tensordot#

ivy.tensordot(x1, x2, /, *, axes=2, out=None)[source]#

Return a tensor contraction of x1 and x2 over specific axes.

Note

If either x1 or x2 has a complex floating-point data type, neither argument must be complex-conjugated or transposed. If conjugation and/or transposition is desired, these operations should explicitly performed prior to computing the generalized matrix product.

Parameters:
  • x1 (Union[Array, NativeArray]) – First input array. Should have a numeric data type.

  • x2 (Union[Array, NativeArray]) – second input array. Must be compatible with x1 for all non-contracted axes. Should have a numeric data type.

  • axes (Union[int, Tuple[List[int], List[int]]], default: 2) – The axes to contract over. Default is 2.

  • out (Optional[Array], default: None) – optional output array, for writing the result to. It must have a shape that the inputs broadcast to.

Return type:

Array

Returns:

ret – The tensor contraction of x1 and x2 over the specified axes.

This function conforms to the Array API Standard. This docstring is an extension of the docstring in the standard.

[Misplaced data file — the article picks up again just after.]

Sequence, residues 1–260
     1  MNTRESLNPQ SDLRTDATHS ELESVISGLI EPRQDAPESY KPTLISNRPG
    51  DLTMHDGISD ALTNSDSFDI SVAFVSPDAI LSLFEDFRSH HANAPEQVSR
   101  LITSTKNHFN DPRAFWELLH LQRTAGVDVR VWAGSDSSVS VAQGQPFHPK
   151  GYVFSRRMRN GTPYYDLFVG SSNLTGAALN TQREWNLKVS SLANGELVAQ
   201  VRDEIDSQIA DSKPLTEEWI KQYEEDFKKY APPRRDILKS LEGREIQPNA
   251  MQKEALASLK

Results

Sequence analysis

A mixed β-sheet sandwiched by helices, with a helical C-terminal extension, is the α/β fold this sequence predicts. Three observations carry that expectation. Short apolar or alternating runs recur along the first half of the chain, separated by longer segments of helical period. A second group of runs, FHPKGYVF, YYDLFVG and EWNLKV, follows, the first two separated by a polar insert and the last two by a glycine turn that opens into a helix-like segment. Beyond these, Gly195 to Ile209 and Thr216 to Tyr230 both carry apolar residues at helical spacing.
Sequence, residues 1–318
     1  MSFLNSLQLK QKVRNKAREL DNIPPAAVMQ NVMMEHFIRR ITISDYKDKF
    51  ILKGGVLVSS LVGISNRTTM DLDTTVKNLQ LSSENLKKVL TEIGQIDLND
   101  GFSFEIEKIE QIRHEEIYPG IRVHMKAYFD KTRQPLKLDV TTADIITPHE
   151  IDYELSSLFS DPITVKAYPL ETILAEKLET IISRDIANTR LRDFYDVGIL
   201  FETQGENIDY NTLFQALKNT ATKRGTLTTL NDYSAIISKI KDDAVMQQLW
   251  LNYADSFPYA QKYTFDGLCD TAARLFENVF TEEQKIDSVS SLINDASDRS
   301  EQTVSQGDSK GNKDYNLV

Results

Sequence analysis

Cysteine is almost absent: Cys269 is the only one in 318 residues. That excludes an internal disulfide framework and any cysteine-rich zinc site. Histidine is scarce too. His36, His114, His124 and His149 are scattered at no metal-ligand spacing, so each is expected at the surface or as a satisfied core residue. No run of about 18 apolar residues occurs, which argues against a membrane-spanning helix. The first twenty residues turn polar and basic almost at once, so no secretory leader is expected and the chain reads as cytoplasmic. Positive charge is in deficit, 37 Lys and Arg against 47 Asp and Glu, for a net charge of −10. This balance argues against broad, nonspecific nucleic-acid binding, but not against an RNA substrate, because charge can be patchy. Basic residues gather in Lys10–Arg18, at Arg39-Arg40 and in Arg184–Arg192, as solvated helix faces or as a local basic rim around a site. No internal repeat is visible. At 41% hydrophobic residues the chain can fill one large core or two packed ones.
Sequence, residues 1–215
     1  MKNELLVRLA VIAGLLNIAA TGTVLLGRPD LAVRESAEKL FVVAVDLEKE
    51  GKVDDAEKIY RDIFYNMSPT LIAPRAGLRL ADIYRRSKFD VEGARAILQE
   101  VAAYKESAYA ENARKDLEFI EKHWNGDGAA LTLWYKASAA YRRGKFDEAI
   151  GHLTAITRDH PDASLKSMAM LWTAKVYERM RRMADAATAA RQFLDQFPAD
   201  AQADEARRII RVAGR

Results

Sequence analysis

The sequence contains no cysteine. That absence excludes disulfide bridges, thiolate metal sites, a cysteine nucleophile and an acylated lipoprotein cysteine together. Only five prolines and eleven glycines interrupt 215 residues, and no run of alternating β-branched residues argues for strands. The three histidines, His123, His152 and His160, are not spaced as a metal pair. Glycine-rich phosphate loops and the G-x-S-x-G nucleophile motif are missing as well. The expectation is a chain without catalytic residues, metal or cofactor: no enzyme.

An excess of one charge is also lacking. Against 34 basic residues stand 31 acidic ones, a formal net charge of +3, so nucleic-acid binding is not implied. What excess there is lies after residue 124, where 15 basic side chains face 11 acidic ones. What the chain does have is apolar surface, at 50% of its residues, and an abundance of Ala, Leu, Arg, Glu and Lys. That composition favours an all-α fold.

Both the description and the type hints above assumes an array input for simplicity, but this function is nestable, and therefore also accepts ivy.Container instances in place of any of the arguments.

Examples

With ivy.Array input:

>>> x = ivy.array([[1., 2.], [2., 3.]])
>>> y = ivy.array([[3., 4.], [4., 5.]])
>>> res = ivy.tensordot(x, y, axes =0)
>>> print(res)
ivy.array([[[[3.,4.],[4.,5.]],[[6.,8.],[8.,10.]]],[[[6.,8.],[8.,10.]],[[9.,12.],[12.,15.]]]])

With :class:’ivy.NativeArray’ input:

>>> x = ivy.native_array([[1., 2.], [2., 3.]])
>>> y = ivy.native_array([[3., 4.], [4., 5.]])
>>> res = ivy.tensordot(x, y, axes = (1,1))
>>> print(res)
ivy.array([[11., 14.],
        [18., 23.]])

With a mix of ivy.Array and ivy.NativeArray inputs:

>>> x = ivy.array([[1., 0., 1.], [2., 3., 6.], [0., 7., 2.]])
>>> y = ivy.native_array([[1.], [2.], [3.]])
>>> res = ivy.tensordot(x, y, axes = 1)
>>> print(res)
ivy.array([[ 4.],
            [26.],
            [20.]])

With ivy.Container input:

>>> x = ivy.Container(a=ivy.array([[1., 0., 3.], [2., 3., 4.]]),
...                   b=ivy.array([[5., 6., 7.], [3., 4., 8.]]))
>>> y = ivy.Container(a=ivy.array([[2., 4., 5.], [9., 10., 6.]]),
...                   b=ivy.array([[1., 0., 3.], [2., 3., 4.]]))
>>> res = ivy.tensordot(x, y)
>>> print(res)
{
    a: ivy.array(89.),
    b: ivy.array(76.)
}
Array.tensordot(self, x2, /, *, axes=2, out=None)[source]#
Return type:

Array

Container.tensordot(self, x2, /, *, axes=2, key_chains=None, to_apply=True, prune_unapplied=False, map_sequences=False, out=None)[source]#
Return type:

Container